Fort Sainte Marie de Grace National Historic Site of Canada
LaHave, Nova Scotia
© Parks Canada Agency/Agence Parcs Canada, Andrew Waldron, 2010.
LaHave, Nova Scotia
Historic Sites and Monuments Act (R.S.C., 1985, c. H-4)
1632 to 1632
Event, Person, Organization:
Treaty of St. Germain-en-Laye
Commander Isaac de Razilly
Fort Sainte Marie de Grace
Research Report Number:
Existing plaque: Lighthouse Reserve, mouth of La Have river LaHave, Nova Scotia
Following the Treaty of St. Germain-en-Laye in 1632, France determined to established permanent settlements in Acadia. Isaac de Razilly was appointed Lieutenant-General. Here he built a fort and established the capital of the colony.Additional plaque:
In 1604, Samuel de Champlain mapped and named this fine harbour Port de la Hève. After the 1632 Treaty of Saint-Germain-en-Laye, which returned Acadia to France, Lieutenant-General Isaac de Razilly built Fort Sainte Marie de Grace and established a colony here, asserting French claims to the area’s rich resources of fish and fur. One of the early permanent settlements in Acadia, it also served as the capital from 1632 until de Razilly’s death in 1636, when it was abandoned for Port-Royal. The fort was destroyed by fire in 1653, but remains along the eroding shore were still visible until the early 1900s.
Description of Historic Place
Fort Sainte Marie de Grace National Historic Site of Canada is strategically located at LaHave, Nova Scotia, on a point of land where the LaHave River narrows. The land upon which the original fort was built has now eroded away; a Historic Sites and Monuments Board of Canada cairn, which marks the site, is situated near the original location of the fort. Official recognition refers to the small plot of land approximately equivalent to the footprint of the cairn.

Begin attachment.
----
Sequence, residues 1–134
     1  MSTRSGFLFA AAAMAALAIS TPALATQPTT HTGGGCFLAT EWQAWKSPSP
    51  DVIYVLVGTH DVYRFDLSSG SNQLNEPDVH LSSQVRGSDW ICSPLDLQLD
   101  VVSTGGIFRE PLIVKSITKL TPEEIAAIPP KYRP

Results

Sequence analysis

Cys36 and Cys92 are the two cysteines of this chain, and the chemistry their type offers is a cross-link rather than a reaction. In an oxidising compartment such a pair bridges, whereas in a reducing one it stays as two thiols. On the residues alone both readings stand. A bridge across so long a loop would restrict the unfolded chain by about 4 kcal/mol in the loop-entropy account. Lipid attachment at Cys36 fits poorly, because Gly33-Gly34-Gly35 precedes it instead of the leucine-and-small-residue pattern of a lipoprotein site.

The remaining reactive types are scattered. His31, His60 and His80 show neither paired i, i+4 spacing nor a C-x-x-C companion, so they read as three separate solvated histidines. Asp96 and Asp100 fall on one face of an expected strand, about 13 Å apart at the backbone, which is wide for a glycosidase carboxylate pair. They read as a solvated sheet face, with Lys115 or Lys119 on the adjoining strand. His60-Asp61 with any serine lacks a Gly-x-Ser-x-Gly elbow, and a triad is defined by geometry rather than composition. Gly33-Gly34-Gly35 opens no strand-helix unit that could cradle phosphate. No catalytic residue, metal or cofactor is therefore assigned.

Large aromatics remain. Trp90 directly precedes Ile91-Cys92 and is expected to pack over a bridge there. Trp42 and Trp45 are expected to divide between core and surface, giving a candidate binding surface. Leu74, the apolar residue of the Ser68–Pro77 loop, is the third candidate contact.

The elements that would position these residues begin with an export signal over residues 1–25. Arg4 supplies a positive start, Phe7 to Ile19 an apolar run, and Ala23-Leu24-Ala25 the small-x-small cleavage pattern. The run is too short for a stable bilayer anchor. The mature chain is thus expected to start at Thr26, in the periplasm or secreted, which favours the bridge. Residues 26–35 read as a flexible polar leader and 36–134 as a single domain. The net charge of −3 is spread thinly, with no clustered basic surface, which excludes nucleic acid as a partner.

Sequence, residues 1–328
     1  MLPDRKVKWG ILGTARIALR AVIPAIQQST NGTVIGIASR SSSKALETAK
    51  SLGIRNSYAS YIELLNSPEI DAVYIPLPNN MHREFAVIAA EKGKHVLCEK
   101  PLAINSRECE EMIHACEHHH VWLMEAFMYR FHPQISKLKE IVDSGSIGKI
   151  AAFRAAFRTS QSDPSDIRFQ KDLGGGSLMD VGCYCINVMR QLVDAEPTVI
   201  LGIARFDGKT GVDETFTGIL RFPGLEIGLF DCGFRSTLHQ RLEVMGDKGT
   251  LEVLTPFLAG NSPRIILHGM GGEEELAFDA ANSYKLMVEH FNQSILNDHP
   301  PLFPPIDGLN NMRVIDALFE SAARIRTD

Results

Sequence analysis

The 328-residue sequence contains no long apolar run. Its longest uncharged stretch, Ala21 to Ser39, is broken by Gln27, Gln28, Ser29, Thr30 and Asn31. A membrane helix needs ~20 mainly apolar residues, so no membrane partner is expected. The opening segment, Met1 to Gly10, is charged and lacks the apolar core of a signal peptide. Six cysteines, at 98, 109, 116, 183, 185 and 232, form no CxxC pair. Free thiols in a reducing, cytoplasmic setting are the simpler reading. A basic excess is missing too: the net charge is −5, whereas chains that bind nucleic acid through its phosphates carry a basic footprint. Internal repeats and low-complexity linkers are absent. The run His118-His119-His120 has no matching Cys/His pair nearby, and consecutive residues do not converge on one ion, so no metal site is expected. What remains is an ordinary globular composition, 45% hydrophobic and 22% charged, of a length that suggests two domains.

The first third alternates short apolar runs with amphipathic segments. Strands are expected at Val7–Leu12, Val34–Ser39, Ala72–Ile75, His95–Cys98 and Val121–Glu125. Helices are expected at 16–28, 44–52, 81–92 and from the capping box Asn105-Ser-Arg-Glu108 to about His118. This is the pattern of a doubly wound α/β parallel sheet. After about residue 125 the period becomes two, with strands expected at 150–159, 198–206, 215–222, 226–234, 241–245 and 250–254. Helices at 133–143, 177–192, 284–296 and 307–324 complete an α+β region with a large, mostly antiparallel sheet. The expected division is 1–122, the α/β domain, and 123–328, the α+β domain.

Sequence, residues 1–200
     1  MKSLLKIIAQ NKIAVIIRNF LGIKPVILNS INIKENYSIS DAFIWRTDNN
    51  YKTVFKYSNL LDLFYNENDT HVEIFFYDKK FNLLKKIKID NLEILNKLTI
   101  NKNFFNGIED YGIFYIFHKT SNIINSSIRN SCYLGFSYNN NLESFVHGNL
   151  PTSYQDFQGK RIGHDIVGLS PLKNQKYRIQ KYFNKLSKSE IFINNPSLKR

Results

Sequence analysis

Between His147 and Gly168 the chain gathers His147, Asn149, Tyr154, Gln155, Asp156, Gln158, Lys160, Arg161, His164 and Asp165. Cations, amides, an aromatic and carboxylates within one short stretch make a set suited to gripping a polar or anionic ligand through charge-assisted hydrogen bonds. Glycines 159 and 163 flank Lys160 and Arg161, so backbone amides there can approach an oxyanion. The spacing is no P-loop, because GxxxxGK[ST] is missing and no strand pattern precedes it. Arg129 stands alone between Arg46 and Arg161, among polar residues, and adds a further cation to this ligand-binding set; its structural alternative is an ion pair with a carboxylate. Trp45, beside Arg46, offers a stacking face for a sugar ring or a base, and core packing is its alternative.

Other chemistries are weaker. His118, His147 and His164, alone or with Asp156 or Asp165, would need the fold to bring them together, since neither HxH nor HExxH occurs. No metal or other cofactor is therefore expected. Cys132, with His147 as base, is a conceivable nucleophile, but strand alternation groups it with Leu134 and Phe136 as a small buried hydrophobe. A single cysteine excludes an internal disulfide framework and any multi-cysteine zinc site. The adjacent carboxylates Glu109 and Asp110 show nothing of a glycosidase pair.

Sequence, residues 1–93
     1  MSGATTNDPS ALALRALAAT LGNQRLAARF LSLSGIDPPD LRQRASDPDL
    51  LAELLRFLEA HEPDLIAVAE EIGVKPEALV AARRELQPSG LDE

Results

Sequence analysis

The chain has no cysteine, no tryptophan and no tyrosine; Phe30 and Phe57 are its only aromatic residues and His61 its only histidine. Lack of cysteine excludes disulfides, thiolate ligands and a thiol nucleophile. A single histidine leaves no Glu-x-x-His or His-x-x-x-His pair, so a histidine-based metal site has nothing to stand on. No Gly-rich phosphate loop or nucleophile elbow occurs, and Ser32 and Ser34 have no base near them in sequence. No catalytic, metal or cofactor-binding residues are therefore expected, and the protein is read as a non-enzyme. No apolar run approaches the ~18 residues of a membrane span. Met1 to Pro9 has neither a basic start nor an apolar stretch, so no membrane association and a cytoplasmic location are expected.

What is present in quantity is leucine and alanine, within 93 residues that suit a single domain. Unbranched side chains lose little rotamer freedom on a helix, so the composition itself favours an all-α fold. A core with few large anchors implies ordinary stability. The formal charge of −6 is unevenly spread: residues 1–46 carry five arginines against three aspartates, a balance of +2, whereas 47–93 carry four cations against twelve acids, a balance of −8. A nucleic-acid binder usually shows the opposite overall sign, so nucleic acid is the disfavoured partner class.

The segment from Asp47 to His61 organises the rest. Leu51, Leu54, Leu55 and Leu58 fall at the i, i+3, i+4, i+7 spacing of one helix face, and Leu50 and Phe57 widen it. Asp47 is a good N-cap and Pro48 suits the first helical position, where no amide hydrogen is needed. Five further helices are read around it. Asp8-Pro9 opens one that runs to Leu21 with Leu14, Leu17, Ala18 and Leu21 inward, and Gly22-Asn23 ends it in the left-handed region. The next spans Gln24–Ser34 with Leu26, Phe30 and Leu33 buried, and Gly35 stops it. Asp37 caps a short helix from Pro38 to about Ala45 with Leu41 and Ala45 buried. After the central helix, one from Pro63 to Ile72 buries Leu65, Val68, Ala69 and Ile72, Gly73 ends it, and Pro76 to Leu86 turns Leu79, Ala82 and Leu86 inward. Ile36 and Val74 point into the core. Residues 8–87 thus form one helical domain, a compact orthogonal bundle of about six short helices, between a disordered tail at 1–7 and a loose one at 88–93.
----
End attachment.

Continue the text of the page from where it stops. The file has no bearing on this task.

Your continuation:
Fort Sainte Marie de Grace was designated a national historic site of Canada in 1924 because: it was one of the permanent settlements established in Acadia after the Treaty of St. Germain-en-Laye in 1632; it was here that Isaac de Razilly built a fort and established the capital of the colony of Acadia.
Following the signing of the Treaty of St. Germain-en-Laye in 1632, the area around the LaHave River narrows was returned to French settlers, who established permanent settlements in Acadia, where fishing and fur trapping resources were abundant. Commander Isaac de Razilly, first Viceroy and Lieutenant-General of Acadia, and a Knight of Malta, built a fort and established the capital of the colony. The fort became a farming colony of around 40 residents, complete with a local mill and chapel. After de Razilly’s sudden death in 1636, most of the settlers moved to Port Royal. The fort was destroyed by fire in the 1650s.
Sources: Historic Sites and Monuments Board of Canada, Minutes, April 2008.
Key elements that contribute to the heritage character of the site include: its location on Fort Point, on the west side of the mouth of the LaHave River, where the river narrows; its strategic setting in an area rich in resources such as fishing, trapping, and lumber, leading to the growth of Acadia; the integrity of any surviving or as yet unidentified archaeological remains relating to the original site; viewscapes overlooking the LaHave River.